The researchers observed a limited uptake of the remote programme in the targeted population of secondary school pupils during the period of COVID-19 related school closures, with enrolment mostly restricted to older adolescents.
Kanika Malik, Associate Professor, Jindal School of Psychology and Counselling, O.P. Jindal Global University, Sonipat, Haryana, India; PRIDE Project, Sangath, New Delhi 110030, India.
Tejaswi Shetty, PRIDE Project, Sangath, New Delhi 110030, India.
Sonal Mathur, PRIDE Project, Sangath, New Delhi 110030, India.
James E. Jose, PRIDE Project, Sangath, New Delhi 110030, India.
Rhea Mathews, PRIDE Project, Sangath, New Delhi 110030, India.
Manogya Sahay, PRIDE Project, Sangath, New Delhi 110030, India.
Preeti Chauhan, PRIDE Project, Sangath, New Delhi 110030, India.
Pooja Nair, PRIDE Project, Sangath, New Delhi 110030, India.
Vikram Patel, Department of Global Health and Social Medicine, Harvard Medical School, Boston, MA 02115, USA; Department of Global Health and Population, Harvard TH Chan School of Public Health, Boston, MA 02115, USA.
Daniel Michelson, School of Psychology, University of Sussex, Brighton BN1 9RH, UK; Department of Child and Adolescent Psychiatry, Institute of Psychiatry, Psychology and Neuroscience, King’s College London, London SE5 8AF, UK
Remote mental health services were rapidly deployed during the COVID-19 pandemic, yet there is relatively little contemporaneous evidence on their feasibility and acceptability. This study assessed the feasibility and acceptability of a stepped care mental health programme delivered remotely by lay counsellors to adolescents in New Delhi, India, during a period of ‘lockdown’.
The programme consisted of a brief problem-solving intervention (“Step 1”) followed by a tailored behavioural module (“Step 2”) for non-responders. We enrolled 34 participants (M age = 16.4 years) with a self-identified need for psychological support. Feasibility and acceptability were assessed through quantitative process indicators and qualitative interviews (n = 17 adolescents; n = 5 counsellors). Thirty-one (91%) adolescents started Step 1 and 16 (52%) completed the planned Step 1 protocol. Twelve (75%) of the Step 1 completers were non-responsive. Eight (67%) non-responsive cases started Step 2, all of whom met response criteria when reassessed at 12 weeks post-enrolment.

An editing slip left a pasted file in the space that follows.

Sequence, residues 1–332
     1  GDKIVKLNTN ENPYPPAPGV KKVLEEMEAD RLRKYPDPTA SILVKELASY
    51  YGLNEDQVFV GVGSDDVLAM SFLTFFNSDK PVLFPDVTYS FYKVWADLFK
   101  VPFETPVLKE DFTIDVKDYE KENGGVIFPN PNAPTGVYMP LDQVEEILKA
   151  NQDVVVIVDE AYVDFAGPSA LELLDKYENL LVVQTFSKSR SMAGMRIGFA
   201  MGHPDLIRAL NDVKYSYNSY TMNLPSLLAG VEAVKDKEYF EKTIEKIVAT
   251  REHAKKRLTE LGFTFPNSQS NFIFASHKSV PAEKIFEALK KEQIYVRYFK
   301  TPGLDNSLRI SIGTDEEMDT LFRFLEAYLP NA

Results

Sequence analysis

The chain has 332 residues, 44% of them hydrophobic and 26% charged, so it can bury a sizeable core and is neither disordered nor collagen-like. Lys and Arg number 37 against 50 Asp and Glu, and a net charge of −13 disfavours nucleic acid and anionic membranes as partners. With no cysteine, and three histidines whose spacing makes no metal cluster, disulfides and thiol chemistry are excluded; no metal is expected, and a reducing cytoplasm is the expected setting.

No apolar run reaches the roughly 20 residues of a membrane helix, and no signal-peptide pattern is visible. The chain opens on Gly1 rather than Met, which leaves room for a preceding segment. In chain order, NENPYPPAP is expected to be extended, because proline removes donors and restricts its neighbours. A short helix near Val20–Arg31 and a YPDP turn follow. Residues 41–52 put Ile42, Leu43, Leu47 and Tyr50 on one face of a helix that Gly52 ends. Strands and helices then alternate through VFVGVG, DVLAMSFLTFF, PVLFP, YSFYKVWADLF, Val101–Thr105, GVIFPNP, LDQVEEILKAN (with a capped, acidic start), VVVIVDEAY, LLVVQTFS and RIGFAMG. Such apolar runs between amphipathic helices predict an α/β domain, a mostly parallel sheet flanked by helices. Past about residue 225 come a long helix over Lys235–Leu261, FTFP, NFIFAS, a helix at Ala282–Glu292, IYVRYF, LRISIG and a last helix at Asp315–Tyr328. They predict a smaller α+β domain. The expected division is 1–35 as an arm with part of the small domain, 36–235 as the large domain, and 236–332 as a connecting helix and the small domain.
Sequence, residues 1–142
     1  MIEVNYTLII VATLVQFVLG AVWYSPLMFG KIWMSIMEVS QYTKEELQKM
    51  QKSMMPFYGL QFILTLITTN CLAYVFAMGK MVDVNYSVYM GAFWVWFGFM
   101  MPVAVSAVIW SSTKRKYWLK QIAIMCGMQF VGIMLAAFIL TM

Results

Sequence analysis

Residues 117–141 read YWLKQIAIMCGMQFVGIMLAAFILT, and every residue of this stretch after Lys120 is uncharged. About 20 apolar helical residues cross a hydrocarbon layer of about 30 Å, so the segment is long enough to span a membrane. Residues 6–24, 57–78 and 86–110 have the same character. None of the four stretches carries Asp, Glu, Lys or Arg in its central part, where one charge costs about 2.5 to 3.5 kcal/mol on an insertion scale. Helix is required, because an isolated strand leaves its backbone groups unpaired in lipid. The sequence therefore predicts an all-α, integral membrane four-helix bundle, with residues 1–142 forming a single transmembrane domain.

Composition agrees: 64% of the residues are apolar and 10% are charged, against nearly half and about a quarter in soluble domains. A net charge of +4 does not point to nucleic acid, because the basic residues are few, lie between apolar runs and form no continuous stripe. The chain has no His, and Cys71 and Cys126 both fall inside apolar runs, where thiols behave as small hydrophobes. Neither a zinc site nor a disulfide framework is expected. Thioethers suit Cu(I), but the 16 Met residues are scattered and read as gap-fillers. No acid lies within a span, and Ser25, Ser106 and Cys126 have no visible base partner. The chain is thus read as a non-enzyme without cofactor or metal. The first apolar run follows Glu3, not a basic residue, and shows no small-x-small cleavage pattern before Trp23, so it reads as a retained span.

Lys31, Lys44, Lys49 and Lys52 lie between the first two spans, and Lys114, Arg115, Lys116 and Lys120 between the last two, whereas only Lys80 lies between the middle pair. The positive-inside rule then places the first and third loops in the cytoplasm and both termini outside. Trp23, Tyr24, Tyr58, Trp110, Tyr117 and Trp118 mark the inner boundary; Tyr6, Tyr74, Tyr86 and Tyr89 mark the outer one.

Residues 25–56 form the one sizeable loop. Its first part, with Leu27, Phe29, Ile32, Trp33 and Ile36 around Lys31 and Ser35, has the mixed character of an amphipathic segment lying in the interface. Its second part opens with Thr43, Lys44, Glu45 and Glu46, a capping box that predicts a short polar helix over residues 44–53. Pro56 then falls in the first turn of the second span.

Adolescents favoured voice-only sessions over video-calls due to privacy concerns and difficulties accessing suitable devices. Counsellors noted challenges of completing remote sessions within the allotted time while recognising the importance of supervision for developing competence in new ways of working. Both adolescents and counsellors discussed the importance of working collaboratively and flexibly to fit around individual preferences and circumstances. Disentangling pandemic-specific barriers from more routine challenges to remote delivery should be a focus of future research.
Published in: International Journal of Environmental Research and Public Health
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